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Seventy Syrian refugees make new lives in Suffolk as part of Government's resettlement promise

PUBLISHED: 15:38 20 June 2017 | UPDATED: 17:25 23 June 2017

Syrian refugees in Suffolk who have received a bicycle as part of a new project. Picture: SUFFOLK REFUGEE SUPPORT

Syrian refugees in Suffolk who have received a bicycle as part of a new project. Picture: SUFFOLK REFUGEE SUPPORT

Archant

As Suffolk marks Refugee Week, three Syrian families are preparing to move into new homes in the county, having been forced out of their motherland by war and devastation.

Abigail Grace, Syrian Resettlement Programme Coordinator at Suffolk Refugee Support. Picture: GEMMA MITCHELLAbigail Grace, Syrian Resettlement Programme Coordinator at Suffolk Refugee Support. Picture: GEMMA MITCHELL

Once they arrive later this month, it will take the number of refugees relocated in Suffolk over the past year-and-a-half as part of the UK Government’s promise to resettle 20,000 vulnerable people from the camps surrounding Syria to around 70 - half of those are children.

Leaders in the county have committed to taking in up to 200 people from the war-torn country across five years, initially in accommodation provided by private landlords.

Abigail Grace, who is co-ordinating the resettlement programme on behalf of Suffolk Refugee Support (SRS), said some of those making new lives here had been “traumatised” by what they had been through in the Middle East.

She added: “Some have been victims of torture and some of the children would have had no stability in their lives. A lot of them experienced living in a war zone and that comes with trauma.”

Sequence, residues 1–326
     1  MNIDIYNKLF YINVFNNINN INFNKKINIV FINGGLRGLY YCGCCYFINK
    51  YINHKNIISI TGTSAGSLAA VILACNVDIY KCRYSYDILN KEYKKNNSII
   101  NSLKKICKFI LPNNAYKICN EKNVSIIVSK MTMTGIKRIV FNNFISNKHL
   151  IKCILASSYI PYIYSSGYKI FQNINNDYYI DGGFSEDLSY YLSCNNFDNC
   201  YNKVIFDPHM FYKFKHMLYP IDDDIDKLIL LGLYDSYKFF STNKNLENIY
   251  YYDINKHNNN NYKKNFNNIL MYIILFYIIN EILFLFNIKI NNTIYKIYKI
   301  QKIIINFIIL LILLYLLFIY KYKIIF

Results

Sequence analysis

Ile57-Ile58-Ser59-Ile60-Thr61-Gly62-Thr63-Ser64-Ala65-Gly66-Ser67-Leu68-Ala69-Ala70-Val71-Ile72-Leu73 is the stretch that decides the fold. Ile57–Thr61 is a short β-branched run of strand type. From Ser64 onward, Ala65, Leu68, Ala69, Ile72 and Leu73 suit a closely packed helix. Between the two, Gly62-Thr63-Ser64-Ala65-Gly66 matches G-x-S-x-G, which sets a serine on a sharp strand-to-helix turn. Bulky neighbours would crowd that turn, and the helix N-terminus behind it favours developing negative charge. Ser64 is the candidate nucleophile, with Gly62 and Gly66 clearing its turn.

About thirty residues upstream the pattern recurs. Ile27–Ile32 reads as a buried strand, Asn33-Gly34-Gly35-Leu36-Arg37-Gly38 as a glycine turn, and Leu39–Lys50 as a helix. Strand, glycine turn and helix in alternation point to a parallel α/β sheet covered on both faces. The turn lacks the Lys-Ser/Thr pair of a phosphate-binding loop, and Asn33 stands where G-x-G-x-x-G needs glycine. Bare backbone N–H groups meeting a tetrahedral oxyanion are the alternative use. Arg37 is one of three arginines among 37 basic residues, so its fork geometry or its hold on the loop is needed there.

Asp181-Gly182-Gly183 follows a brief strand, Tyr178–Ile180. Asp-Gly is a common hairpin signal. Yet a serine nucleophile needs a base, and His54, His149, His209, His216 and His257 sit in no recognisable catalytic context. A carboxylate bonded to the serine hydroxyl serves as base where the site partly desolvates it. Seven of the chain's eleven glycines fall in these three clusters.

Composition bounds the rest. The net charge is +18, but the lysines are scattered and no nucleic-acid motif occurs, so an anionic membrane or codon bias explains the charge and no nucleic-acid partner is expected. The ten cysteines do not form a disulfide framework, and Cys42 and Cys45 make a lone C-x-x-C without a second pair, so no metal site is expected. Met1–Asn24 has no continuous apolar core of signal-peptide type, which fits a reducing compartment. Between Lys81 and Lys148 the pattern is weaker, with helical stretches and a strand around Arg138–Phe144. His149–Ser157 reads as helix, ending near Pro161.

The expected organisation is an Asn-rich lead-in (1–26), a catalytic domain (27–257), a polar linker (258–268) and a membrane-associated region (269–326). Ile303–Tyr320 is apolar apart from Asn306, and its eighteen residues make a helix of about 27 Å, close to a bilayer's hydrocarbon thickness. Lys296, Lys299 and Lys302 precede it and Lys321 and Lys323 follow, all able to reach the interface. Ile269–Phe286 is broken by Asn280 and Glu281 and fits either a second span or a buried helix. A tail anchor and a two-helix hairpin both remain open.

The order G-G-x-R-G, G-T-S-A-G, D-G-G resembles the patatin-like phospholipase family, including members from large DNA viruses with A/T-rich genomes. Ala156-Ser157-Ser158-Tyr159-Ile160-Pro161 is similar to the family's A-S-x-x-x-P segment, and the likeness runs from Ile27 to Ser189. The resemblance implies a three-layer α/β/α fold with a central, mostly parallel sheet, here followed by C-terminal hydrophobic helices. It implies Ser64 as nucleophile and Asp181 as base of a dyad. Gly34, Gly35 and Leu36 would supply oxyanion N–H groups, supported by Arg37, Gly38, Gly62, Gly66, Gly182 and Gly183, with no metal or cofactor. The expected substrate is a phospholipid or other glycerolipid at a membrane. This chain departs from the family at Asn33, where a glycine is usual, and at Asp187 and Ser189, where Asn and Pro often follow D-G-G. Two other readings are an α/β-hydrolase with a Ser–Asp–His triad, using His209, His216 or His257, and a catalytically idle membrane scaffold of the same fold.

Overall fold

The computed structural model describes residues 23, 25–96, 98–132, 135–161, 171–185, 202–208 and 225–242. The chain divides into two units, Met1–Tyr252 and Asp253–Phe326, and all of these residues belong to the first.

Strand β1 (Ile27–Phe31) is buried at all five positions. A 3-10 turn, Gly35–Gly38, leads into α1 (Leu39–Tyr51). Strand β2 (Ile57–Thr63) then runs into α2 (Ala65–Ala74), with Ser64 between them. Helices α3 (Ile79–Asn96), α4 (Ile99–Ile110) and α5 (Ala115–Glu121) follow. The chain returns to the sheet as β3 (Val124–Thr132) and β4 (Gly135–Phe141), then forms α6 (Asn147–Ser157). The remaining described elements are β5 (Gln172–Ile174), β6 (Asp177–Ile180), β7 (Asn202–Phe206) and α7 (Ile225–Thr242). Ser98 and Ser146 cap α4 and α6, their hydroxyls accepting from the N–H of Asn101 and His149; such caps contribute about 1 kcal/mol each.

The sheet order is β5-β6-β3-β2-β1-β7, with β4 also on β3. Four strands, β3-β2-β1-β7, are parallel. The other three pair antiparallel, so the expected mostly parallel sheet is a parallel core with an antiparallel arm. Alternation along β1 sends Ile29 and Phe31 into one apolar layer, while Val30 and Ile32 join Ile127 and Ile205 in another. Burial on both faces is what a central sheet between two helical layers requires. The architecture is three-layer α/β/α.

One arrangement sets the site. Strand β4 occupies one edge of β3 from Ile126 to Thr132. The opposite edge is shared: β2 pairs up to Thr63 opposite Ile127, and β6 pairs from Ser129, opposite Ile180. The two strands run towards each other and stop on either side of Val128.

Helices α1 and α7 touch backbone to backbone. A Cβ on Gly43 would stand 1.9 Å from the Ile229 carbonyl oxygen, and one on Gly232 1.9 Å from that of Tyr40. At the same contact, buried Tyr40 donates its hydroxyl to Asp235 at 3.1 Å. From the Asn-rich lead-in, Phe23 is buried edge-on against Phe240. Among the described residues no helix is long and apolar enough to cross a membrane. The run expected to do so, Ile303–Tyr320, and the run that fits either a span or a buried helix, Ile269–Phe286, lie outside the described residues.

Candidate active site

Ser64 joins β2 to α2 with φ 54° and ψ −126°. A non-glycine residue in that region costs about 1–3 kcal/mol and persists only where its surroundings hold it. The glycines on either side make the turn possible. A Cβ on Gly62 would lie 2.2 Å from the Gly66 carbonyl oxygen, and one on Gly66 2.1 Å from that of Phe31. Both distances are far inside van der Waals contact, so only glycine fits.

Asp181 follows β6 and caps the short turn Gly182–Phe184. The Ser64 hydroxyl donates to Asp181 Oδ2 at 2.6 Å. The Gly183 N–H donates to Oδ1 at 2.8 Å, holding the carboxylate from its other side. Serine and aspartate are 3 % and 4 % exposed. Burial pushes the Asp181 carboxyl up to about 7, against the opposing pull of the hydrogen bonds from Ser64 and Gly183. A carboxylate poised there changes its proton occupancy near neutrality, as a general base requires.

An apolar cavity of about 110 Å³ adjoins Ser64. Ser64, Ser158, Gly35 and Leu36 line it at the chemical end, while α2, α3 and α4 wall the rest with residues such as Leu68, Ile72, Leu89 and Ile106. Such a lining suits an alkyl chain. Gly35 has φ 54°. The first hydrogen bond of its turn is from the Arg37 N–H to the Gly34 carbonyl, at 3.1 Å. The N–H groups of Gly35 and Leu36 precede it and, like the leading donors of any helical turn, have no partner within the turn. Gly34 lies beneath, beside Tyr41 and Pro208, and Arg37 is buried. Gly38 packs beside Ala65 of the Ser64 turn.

Lucy Kerry, from Suffolk Refugee Support, and John the cycling trainer, with a group of Syrian refugees outside La Tour Cycle Cafe in Ipswich. Picture: SUFFOLK REFUGEE SUPPORTLucy Kerry, from Suffolk Refugee Support, and John the cycling trainer, with a group of Syrian refugees outside La Tour Cycle Cafe in Ipswich. Picture: SUFFOLK REFUGEE SUPPORT

By definition, a refugee is someone who has no choice than to flee their country in order to avoid persecution, war or violence.

Ms Grace said if it was safe to return, the majority of Syrian families rehomed in Suffolk would do so.

“Syria before the war had a very good standard of education and health care,” she added. “Obviously there were political issues but people’s day to day was not poverty or war.”

Refugee Week runs from June 19-25 and the theme this year is ‘different pasts, shared future’.

The campaign aims to highlight the positive contribution made by refugees and to promote a better understanding of why people from other countries seek sanctuary in the UK.

There are a number of events going on in Suffolk to celebrate, from film screenings to public talks. To find out more, visit: suffolkrefugee.org.uk/refugee-week-programme

SRS has also launched a new scheme to give Syrian refugees in the county a secondhand bicycle and road safety classes to help them get to appointments and classes, as well as keeping fit.

Organised by SRS trustee and volunteer Lucy Kerry, the bikes have been donated by the Christchurch Park neighbourhood group, Ipswich School, Cycle Ipswich, the Bike Doctor and La Tour Cycle Café; while the training has been provided for free by John Showell, road safety officer at Suffolk County Council.

So far 31 bicycles have been handed out.

SRS is looking for further donations of bicycles and children’s scooters, as well as volunteers to help with the project. Visit: www.suffolkrefugee.org.uk/what-you-can-do/volunteer

Refugee family who fled Syria with daughter in a suitcase build new lives in north Essex

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